Williams called ex-wife ‘Finnipino’
LOS ANGELES—“Leon Pantaleon Garces!” I can still hear Robin Williams exclaiming, in a distinct Filipino accent, his late Pinoy father-in-law’s name.
This was during an interview just a few years back when, I also remember, Robin cracked in reply to my question about his wife Marsha Garces, “She’s Finnipino. You get lechon with white fish.” On the spot, Robin had coined that term for Marsha’s Filipino-Finnish heritage.
“Balut! Balut!” Robin suddenly yelled in another interview. And at the end of yet another exchange, the actor-comedian hollered in my direction, “Salamat!”
Most comedians are quiet and serious in person, some even boring. Not Robin. He was warm and friendly—he put on a one-man show for you. He was a great mimic, so those Tagalog words sounded absolutely authentic.
Thus, the news of Robin’s passing on Monday in California made me very sad. I actually shed a tear.
There was nothing generic about my encounters with the man. Each one was a laugh-a-thon, with the irrepressible actor often standing up to act out anecdotes, and in various accents at that—French, Australian, Italian and, yes, Filipino.
“He was a great man,” Robin fondly said of Leon Garces, who died March 2002 in San Francisco, California, at age 92.
Once, I asked if his kids with Marsha, Zelda (born 1989) and Cody (born 1991), kept in touch with the Filipino side of their family. Robin said, “Big time, because of Marsha and Leon, who was amazing.”
(Leon was from Bohol province. He migrated to the United States in 1929 at age 20 and served in the US Navy during World War II. He married Ina Rachel Matilla and settled in Milwaukee, Wisconsin, where Marsha and her two sisters were born. In the last years of his life he moved to Phoenix, and then California.)
Robin had another son, Zachary, with his first wife, Valerie Velardi.
Marsha worked as a nanny for Zachary. She married Robin in April 1989. Together, they formed Wolf Productions, under which they worked on “Mrs. Doubtfire” (1993; he was lead star, she was coproducer) and “Patch Adams” (1998; he was lead star, she was executive producer). They divorced in 2008.
Aside from winning an Oscar for best supporting actor for “Good Will Hunting” (1997), Robin clinched six Golden Globe trophies, including a
Cecil B. DeMille Award (2005).
Asked about his most memorable moments at the annual Globes presented by the Hollywood Foreign Press Association, Robin dished, “The year (1991) that Gerard Depardieu won—and he was pretty hammered—and he said, ‘I want to give (name withheld) a big wet kiss.’ I went, at that point, ‘Forget gay wedding, that’s the moment I want to see.’ And obviously, (in 2003) when Bono said, ‘This is really, really f***ing brilliant.’ I was like, ‘Yes!’”
I will certainly miss our animated conversations. In an interview for “Happy Feet 2,” where he voiced two penguin characters—Ramon, the incurable romantic, and Lovelace, the guru—he became very excited when he talked about Sofia Vergara, who provided the voice of Carmen, a statuesque, beautiful penguin being courted by Ramon.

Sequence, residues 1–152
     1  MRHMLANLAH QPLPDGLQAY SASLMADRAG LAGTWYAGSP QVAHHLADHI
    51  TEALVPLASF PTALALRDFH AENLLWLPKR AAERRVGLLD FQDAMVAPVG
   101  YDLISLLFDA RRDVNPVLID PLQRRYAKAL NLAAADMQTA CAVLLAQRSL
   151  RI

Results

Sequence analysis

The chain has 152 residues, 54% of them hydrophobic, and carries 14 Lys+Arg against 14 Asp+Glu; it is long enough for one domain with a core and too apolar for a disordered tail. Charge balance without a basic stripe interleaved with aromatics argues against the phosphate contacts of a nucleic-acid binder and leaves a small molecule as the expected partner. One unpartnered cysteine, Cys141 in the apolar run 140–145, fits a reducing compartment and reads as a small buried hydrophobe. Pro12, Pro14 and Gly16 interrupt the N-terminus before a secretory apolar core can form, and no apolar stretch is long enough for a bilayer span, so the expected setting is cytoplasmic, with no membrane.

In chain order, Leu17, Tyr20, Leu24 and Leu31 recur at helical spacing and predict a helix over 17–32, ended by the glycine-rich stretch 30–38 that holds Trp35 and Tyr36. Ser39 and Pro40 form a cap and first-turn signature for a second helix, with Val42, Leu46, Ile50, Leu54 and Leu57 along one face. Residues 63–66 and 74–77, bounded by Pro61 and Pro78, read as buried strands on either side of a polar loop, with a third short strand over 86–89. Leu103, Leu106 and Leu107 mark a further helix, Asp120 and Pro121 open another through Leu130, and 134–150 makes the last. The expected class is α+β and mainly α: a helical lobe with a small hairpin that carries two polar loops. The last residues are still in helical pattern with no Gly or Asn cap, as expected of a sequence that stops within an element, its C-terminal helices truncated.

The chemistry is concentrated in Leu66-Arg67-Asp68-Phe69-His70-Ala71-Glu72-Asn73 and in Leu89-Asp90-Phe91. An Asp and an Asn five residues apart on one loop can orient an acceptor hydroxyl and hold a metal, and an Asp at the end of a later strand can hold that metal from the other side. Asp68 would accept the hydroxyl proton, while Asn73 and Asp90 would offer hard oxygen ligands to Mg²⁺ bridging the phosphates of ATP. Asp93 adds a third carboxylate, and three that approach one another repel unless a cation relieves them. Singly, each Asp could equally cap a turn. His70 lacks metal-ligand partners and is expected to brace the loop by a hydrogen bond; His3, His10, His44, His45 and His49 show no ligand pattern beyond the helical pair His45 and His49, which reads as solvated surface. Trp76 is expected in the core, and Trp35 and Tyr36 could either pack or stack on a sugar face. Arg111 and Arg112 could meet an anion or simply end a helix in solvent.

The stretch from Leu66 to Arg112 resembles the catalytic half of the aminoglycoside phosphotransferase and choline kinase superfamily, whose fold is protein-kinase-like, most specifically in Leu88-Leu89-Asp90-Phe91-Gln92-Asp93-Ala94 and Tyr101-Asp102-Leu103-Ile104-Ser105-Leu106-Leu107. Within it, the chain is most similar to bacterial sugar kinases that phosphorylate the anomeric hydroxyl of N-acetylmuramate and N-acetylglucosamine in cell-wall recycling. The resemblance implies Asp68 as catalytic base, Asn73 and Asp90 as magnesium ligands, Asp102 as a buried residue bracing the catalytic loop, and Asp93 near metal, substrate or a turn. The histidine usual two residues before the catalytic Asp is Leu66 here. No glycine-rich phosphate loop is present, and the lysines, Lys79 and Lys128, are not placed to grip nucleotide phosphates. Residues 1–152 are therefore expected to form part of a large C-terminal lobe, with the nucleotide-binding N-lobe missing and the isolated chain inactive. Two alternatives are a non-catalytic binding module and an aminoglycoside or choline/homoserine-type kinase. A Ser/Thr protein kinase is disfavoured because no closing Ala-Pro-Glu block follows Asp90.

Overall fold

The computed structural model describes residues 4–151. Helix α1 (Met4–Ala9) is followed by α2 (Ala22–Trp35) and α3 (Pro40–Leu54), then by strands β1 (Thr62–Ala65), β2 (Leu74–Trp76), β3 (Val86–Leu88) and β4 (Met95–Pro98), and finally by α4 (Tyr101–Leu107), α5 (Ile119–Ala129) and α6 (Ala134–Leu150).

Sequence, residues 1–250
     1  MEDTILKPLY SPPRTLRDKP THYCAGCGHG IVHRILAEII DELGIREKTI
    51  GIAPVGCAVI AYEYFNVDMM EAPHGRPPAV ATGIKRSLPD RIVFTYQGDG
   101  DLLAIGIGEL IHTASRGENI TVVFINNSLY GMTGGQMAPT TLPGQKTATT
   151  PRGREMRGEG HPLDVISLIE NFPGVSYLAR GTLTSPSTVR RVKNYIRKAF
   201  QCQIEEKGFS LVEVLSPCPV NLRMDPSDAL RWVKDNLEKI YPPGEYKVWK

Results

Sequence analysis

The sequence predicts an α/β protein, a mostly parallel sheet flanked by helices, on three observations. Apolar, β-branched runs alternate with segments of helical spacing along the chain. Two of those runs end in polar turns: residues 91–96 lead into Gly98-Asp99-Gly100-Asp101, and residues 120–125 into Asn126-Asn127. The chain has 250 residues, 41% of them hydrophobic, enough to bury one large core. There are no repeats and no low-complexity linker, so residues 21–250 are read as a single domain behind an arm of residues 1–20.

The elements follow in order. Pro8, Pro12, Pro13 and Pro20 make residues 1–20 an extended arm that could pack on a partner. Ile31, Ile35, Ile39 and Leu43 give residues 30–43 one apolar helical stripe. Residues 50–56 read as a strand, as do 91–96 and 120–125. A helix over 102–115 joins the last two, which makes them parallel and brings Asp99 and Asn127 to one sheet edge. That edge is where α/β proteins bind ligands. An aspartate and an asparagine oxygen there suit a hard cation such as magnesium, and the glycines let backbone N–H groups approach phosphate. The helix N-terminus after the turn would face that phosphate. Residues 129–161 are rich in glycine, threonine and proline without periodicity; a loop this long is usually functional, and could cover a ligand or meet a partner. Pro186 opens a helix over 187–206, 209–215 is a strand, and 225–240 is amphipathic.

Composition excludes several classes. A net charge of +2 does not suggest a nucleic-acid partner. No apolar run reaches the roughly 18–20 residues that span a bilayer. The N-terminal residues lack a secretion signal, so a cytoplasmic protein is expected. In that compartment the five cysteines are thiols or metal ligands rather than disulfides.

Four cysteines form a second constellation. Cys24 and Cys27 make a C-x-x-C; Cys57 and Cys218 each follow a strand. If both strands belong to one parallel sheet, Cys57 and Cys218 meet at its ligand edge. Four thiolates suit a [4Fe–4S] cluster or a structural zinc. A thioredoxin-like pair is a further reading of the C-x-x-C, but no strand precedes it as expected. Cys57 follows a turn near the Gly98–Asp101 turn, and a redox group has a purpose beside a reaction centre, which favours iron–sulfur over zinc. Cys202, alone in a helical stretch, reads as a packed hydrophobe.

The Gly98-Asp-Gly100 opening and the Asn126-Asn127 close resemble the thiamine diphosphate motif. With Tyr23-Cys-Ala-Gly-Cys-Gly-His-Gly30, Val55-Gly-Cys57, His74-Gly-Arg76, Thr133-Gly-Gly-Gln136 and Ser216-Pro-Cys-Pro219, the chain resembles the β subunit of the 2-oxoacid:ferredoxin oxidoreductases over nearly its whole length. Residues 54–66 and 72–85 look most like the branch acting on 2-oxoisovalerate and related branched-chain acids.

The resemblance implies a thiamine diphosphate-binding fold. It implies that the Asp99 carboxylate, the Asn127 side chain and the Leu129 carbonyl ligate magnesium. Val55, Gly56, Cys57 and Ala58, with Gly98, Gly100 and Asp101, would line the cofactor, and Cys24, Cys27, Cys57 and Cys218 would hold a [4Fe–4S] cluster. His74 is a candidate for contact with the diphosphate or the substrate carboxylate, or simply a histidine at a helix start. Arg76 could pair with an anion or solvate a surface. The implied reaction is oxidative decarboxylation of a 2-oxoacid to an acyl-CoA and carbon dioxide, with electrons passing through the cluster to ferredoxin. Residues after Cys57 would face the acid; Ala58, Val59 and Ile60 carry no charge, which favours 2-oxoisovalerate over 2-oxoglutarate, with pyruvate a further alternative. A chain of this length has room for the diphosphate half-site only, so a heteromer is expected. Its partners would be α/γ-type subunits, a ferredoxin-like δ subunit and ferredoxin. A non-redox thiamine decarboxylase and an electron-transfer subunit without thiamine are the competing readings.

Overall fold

“When you record for animation, most of the time you are alone,” Robin started. But, he said, director George Miller encouraged group recording sessions, so the talents could truly interact with each other around the microphone. “When Sofia was in the same room, it went really well,” the actor said, uttering the last word with exaggerated trembling. “You see her on TV and all of a sudden, she’s there in person and she says, ‘Okay, baby, please.’ It gets pretty wild. She’s really beautiful and funny.”
Like a dolphin
Asked which animal came closest to representing his qualities, Robin replied, “The dolphin, since I have been with dolphins. But, other people might say the monkey. I was actually hit on by Coco, the gorilla. She tried to take me in the back of a room. The trainer went, ‘If she takes you back there, I can’t help you.’ But, I think it’s the dolphin more than anything, because of its playfulness, sexuality and intelligence. I would love that. So, either that—or a great or reasonable ape.”
That’s how hilarious our exchanges could get.
Robin was even more spirited when we talked about Susan Schneider, whom he married in 2011. He virtually acted out all the following anecdotes about their honeymoon in Paris.
“It was lovely,” he began. “We had a suite at the top of this hotel, like the Toulouse Lautrec suite. It was this tiny room where you expect a bellman (Robin stood up and pretended to be the Hunchback of Notre Dame) to say, ‘Bonjour. Ca va? I will pull out your bed for you. Your first time at the Notre Dame? I’ll take you back in a moment. I will put back the bed once I go out. I must ring the bell for service. Ding!’ There, I just encapsulated my honeymoon!”
Robin continued, “We went to a restaurant and all of a sudden